Headline News

Safe consumption site being planned for North Hastings

May 25, 2021

By Nate Smelle

A growing team of community partners and harm reduction advocates gathered online on May 11 to discuss their plan to bring a safe consumption site to North Hastings. With the the local death toll from the opioid epidemic climbing sharply during the pandemic the community’s need for a safe space for people who use substances has never been greater.

As a physician with the Bancroft Community Family Health Team, and the clinical lead of the opiate management group, Dr. Ashley White is one of the local health-care professionals spearheading the Safe Use Hastings campaign. Having worked in addiction services for more than 15 years across Canada and around the world, she has experienced firsthand how this public health crisis has worsened in North Hastings amid the global COVID-19 pandemic.

Providing a glimpse of the tragedy she has witnessed on the front-lines; and a reminder of the current severity of this preventable epidemic, Dr. White said, “I don’t think people necessarily realize how many people have died. In the past year, we’ve lost a dozen young people to overdoses. We lost 12 people to COVID-19 in the year, we’d be talking about it, because we’ve said that we believe things about the value of some people. This work is motivated by the fact that we all have a place here.”

Lisa Fiorotto-Bickert has been working alongside Dr. White as the lead advocate for the local safe consumption site. Explaining what motivated the Safe Use Hastings group to work together on bringing a safe consumption site to North Hastings, she said, “We are here for science, compassion, safety, better communities, better economies, better lives.”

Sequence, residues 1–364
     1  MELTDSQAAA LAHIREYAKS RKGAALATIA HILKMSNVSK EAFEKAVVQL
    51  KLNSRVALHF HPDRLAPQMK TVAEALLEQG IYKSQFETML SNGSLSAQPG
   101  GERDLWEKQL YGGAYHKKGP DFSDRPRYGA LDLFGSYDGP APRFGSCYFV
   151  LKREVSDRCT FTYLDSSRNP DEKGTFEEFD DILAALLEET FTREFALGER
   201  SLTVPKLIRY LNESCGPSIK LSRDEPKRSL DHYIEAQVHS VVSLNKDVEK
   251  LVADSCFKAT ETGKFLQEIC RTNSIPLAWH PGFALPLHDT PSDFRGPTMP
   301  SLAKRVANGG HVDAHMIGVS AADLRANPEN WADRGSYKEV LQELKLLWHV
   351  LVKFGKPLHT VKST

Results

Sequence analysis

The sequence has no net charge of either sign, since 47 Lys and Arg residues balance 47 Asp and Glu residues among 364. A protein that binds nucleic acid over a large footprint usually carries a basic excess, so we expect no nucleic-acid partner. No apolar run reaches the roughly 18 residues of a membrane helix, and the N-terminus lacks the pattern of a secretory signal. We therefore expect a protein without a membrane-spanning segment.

Fiorotto-Bickert explained further how the Safe Use Hastings group became involved with the North Hastings Community Trust’s harm reduction plan, and eventually took the reins on their application to establish a safe consumption site in the area. Shortly after the Trust initially filed the application in 2019, she said the pandemic hit and the organization had to shift its attention to the housing crisis. While anticipating a response from the federal government to their application, Fiorotto-Bickert said, “They had to pivot over to housing and then they didn’t know what they were going to do, so we stepped in… The pandemic has brought out a massive increase of overdose deaths because of fentanyl-laced drugs. The safe injection site’s urgency has therefore increased in a huge way. The time is now.”

In order to begin operating the space, Safe Use Hastings must apply to Health Canada for an exemption from the Controlled Drugs and Substance Act. While there are several different types of safe consumption sites to model the North Hastings site after, the group plans to operate a mobile safe space for people to use substances safely. The group is currently campaigning to raise $35,000 to purchase an RV that they plan to use for the space. The Safe Use Hastings site will provide addictions treatment services, harm reduction, and peer support. Fiorotto-Bickert said anyone interested in supporting the initiative can make a donation online at: https://gofund.me/05ba25ef.

According to Dr. White, every supervised consumption site currently operating has been started by people who use drugs. Having worked closely with people dealing with addictions throughout her career, she said they are sick of people dying, sick of not being treated like people, and sick of having lesser care, because of the kind of disease they have. Recognizing that this activity is happening in the community, Dr. White said a safe consumption site will help people who use substances live much healthier, safer lives. As legally sanctioned facilities, she said supervised injection sites help reduce health and public order issues that can come with the injection of drugs that are currently illegal.

“I like to have the conversation around drugs that are currently illegal, because the legal framework around drug use is actually part of the problem,” Dr. White said. “Supervised injection sites enable the consumption of drugs the people already have, so they bring the drugs with them. They are able to use in a place that is hygienic, that is not full of anxiety. And, the way that the they prepare their drugs, and the way that they use them is far less stressful. So it is done more safely, and it is done with a lower risk.”